Simple Wire Wrap
Use ruby solder flux. The finer the nichrome the better - 52 gauge is best but harder to work with.
Wrap 36-52 gauge nichrome wire around the end of some 22 gauge solid hookup wire and solder it. Take a second piece of hookup wire and strip the end. Put it just in front of the end of the first piece of wire and continue to wrap the nichrome around both pieces. Solder the nichrome onto the second piece of wire. Nichrome doesn't take solder easily so keep it clean and use lots of flux (ruby flux seems to get the best reviews). After soldering, dip the fuse into some sort of igniting mixture and let dry. The one below was dipped into a thick ping pong ball, acetone, and meal powder mixture (see compositions.html). Keep the number of wraps between the first wire and the second pretty small. Fire with a 12 volt battery. If you keep the wraps to one turn or so between the wires, an Estes launcher will work. I haven't tried it, but everyone says a strand of fine steel wool works good if you don't have nichrome. Ideally, these should use a sensitive pyrogen but I sometimes get by with a BP mix.
The above coating is quite thin so whatever it is igniting should be sensitive enough to take fire from the relatively small spark that will occur.
Using Small Value Carbon Film Resistors
Another method which is a very clean one is to tie a 2.4 to 10 ohm 1/8 watt resistor between the leads. Hand wrap some stranded wire (I used some RS-232 cable that I had destroyed) around the resistor leads and trim to 3/8", tape, dip in a nice pyrogen, and dry. It takes 12-24 volts to pop these but they do pop well and, in many cases, probably wouldn't need the pyrogen dip - although for reliability you should dip them. If using a BP pyrogen, make the coating nice and thick so there is a nice flare up when the resistor pops. The resistors are about $3.00 a hundred, much cheaper than that in bulk from Mouser or another supplier. They are dead easy to hook up. No soldering required unless you are going to store them for a long time - in which case I would wet them with solder just a tad (before dipping, of course) to keep them strong.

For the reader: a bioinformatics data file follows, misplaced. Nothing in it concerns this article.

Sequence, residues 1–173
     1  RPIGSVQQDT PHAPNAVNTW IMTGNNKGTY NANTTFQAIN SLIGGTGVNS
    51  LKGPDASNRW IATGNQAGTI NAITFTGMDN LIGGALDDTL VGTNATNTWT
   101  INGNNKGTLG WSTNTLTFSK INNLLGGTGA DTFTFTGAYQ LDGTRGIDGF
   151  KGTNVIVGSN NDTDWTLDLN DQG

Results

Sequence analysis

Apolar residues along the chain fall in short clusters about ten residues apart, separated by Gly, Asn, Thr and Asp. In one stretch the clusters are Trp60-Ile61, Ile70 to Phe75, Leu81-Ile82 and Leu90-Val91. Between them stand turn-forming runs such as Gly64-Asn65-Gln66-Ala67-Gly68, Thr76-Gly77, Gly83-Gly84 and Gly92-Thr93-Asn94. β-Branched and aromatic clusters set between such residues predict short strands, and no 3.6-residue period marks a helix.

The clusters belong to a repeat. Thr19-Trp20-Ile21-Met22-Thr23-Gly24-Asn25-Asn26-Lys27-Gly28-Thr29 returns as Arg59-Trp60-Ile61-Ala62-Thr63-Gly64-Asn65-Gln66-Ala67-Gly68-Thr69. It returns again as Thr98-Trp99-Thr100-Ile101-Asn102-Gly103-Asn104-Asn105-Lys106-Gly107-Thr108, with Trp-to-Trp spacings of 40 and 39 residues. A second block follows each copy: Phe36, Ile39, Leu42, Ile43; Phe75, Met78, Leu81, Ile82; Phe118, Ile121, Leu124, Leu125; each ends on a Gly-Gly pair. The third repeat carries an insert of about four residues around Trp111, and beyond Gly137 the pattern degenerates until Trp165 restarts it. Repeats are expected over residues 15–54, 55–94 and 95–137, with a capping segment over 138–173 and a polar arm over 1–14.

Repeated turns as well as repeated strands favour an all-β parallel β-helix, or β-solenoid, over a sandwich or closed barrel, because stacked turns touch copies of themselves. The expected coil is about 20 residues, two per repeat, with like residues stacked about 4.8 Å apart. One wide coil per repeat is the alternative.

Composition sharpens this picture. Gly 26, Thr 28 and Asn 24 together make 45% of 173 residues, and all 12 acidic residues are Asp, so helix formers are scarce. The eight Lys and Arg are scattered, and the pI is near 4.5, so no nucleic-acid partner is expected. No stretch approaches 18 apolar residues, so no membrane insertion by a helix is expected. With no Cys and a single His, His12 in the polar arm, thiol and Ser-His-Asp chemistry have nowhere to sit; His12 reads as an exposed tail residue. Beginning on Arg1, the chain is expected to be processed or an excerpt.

Crude and quick hookup
Click HERE for a movie of a 2.5 ohm resistor melting under a 36 volt Backyard Firing Box assault (see misc.html for a picture of that puppy).
Capacitive Discharge Box
An ODA Enterprises CD Box (picture taken from ODA website)
An alternative to using a hefty 12-24 volt battery to fire these is to use a CD discharge firing system. You can make one with a flash unit - just take off one terminal from the flash bulb and tie the match in series with it. However, converted flash units are quite rudimentary and somewhat dangerous. ODA enterprises, Pyromate, and others make very nice CD discharge units in single fire and up to 10 or 12 fire versions. Click on the picture below (same as one just above) to see a video of a 2.4 ohm resistor evaporating. One of the problems of the CD ignition system is that the electrical match destroys itself so fast that sometimes the composition doesn't get enough flame to ignite. A good thick coating of pyrogen and secure binding to the target composition is the solution in those cases. Standard BP pyrogen will work.
For rocket launches, especially red mag or other hard to light mixes, dip the resistor in a BP and metal pyrogen and use that to ignite a piece of quick match or an ignition tube of some sort. Use the quick match or ignition tube to ignite the rocket motor. For my red mags, I dip the other end of the quick match in NC lacquer and then dip it in Titanium or other metal. The hot sparks given off will light a glass of water. ;-}
Christmas Tree Bulbs
And finally - the old Christmas bulb ploy. These are very easy to do and also quite cheap. The trick is to solder the leads before you break the bulb. That way the filament is less likely to break. Also, be sure to insulate the leads before you break the bulb (a short piece of black tape does that). Some say that wrapping the bulb itself with tape before breaking it make things much neater. Some bulbs will fire on 1.5 volts so these make sensitive electric matches. Do a continuity check on them before you dip them to be sure they are intact.
Adjust Vice-Grips so they close just smaller than bulb
Gently pop the bulb - click on the image to see the movie Note that the bulb leads are covered (and soldered)
Dip the bulb in NC and BP or other sparky mix. Above is an good example of a thick BP coating (no NC over it in this picture)
Click on the image to see the e-match we made work. This was fired with an Estes launch controller.